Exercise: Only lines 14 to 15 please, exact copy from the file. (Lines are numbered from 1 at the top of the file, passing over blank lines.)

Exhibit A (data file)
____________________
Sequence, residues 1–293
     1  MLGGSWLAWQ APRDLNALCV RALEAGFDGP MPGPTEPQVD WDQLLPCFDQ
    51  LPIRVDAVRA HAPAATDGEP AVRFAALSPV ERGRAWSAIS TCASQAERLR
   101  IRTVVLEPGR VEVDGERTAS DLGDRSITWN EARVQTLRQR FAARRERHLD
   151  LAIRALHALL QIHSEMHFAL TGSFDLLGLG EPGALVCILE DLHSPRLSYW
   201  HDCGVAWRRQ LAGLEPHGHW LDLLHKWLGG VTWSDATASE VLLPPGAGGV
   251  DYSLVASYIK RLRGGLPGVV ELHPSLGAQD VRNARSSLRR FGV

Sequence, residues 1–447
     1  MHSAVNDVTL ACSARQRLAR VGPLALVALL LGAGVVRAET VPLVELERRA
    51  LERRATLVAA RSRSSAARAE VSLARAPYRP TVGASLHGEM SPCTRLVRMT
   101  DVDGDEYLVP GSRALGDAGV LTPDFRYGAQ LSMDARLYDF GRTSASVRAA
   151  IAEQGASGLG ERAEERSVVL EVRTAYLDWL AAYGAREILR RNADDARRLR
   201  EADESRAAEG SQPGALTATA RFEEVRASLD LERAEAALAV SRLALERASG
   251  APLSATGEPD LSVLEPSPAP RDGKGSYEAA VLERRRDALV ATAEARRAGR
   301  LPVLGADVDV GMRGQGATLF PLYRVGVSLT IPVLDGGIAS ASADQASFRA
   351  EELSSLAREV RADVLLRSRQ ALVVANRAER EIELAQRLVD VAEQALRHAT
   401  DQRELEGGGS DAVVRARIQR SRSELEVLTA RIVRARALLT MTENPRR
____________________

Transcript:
   251  APLSATGEPD LSVLEPSPAP RDGKGSYEAA VLERRRDALV ATAEARRAGR
   301  LPVLGADVDV GMRGQGATLF PLYRVGVSLT IPVLDGGIAS ASADQASFRA